NICOLAS NEUFCHATEL
(Flemish, 1527 - 1590)
 

Portrait of a Man
 

Oil on canvas
44 ½  x 34 ½  inches
(113 x 87.6 cm.)

Provenance:

Viscount Rothermere, 1932;
Central Picture Gallery, Manhattan, New York, 
Where acquired by Lewis Ruskin, 1958,
thence by descent to the present owner.

 

Literature:      

P. G. Konody, Works of Art in the Collection of Viscount Rothermere.
London 1932, pl. 31, as by Lorenzo Lotto, close to the paintings of his Bergamasque period (c. 1518-1528)

 

Nicolas Neufchâtel was trained in Antwerp, but his career led him across Europe and his style is in many ways international.  For this reason it is not entirely surprising that the present portrait was attributed to Lorenzo Lotto when in the collection of Viscount Rothermere, and later given to Giovanni Battista Moroni.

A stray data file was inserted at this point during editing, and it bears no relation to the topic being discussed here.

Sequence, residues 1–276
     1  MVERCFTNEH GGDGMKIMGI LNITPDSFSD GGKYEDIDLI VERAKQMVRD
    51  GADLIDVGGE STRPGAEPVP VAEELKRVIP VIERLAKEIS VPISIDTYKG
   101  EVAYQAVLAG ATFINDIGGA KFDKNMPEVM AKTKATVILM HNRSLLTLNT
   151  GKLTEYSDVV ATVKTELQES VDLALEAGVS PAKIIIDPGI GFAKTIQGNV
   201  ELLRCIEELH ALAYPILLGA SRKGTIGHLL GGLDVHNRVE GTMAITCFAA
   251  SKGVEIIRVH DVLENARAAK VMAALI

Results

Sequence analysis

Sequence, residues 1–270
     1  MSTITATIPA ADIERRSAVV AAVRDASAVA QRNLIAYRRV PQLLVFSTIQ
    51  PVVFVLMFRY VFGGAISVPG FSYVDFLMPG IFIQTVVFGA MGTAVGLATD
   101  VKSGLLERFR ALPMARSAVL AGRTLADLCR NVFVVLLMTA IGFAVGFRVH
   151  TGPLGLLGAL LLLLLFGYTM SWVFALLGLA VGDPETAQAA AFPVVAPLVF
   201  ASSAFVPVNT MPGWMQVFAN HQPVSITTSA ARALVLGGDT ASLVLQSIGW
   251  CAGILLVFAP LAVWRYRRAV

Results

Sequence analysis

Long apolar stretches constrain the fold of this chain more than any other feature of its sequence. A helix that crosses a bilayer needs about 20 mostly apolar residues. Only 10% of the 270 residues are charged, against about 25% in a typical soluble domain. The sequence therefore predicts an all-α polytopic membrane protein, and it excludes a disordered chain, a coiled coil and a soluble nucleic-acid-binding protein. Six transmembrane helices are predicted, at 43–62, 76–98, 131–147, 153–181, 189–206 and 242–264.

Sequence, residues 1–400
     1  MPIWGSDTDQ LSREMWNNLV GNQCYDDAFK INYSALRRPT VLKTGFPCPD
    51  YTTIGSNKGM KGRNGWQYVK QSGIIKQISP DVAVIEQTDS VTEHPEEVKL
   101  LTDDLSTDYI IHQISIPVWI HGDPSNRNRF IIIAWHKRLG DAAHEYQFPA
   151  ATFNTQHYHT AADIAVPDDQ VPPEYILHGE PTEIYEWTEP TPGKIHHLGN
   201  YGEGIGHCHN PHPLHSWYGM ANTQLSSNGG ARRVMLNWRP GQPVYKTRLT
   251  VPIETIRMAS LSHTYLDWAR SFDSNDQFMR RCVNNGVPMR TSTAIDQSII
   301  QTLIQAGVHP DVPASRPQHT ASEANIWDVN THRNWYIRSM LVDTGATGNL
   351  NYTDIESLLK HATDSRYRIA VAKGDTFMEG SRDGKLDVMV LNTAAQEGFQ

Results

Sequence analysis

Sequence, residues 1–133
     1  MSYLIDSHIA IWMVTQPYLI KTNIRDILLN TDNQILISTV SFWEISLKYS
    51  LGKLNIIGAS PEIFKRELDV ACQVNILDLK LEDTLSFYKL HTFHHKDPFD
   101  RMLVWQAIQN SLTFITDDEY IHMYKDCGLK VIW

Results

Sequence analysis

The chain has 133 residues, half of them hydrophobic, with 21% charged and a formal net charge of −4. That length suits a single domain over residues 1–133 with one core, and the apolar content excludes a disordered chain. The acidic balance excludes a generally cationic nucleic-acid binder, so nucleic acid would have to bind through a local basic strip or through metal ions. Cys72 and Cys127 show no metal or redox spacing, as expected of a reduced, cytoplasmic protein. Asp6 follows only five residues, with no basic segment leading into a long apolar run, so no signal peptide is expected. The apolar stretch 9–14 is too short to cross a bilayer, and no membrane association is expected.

Neufchatel’s style is in fact Italianate, although it is based on the precedents of such artists as Frans Floris and Willem Key.  The artist’s career took him to Nuremberg, where he was active from 1561 well into the 1570s.  In the present portrait the formal pose of the sitter, underscored by the apse-like architecture behind him, is offset by his, quiet, engaging, and sympathetic expression.  The spray of flowers in a vase is a motif that appears in Neufchâtel’s Portrait of Wenzel Jamnitzer in the Musée d’Art et d’Histoire in Geneva.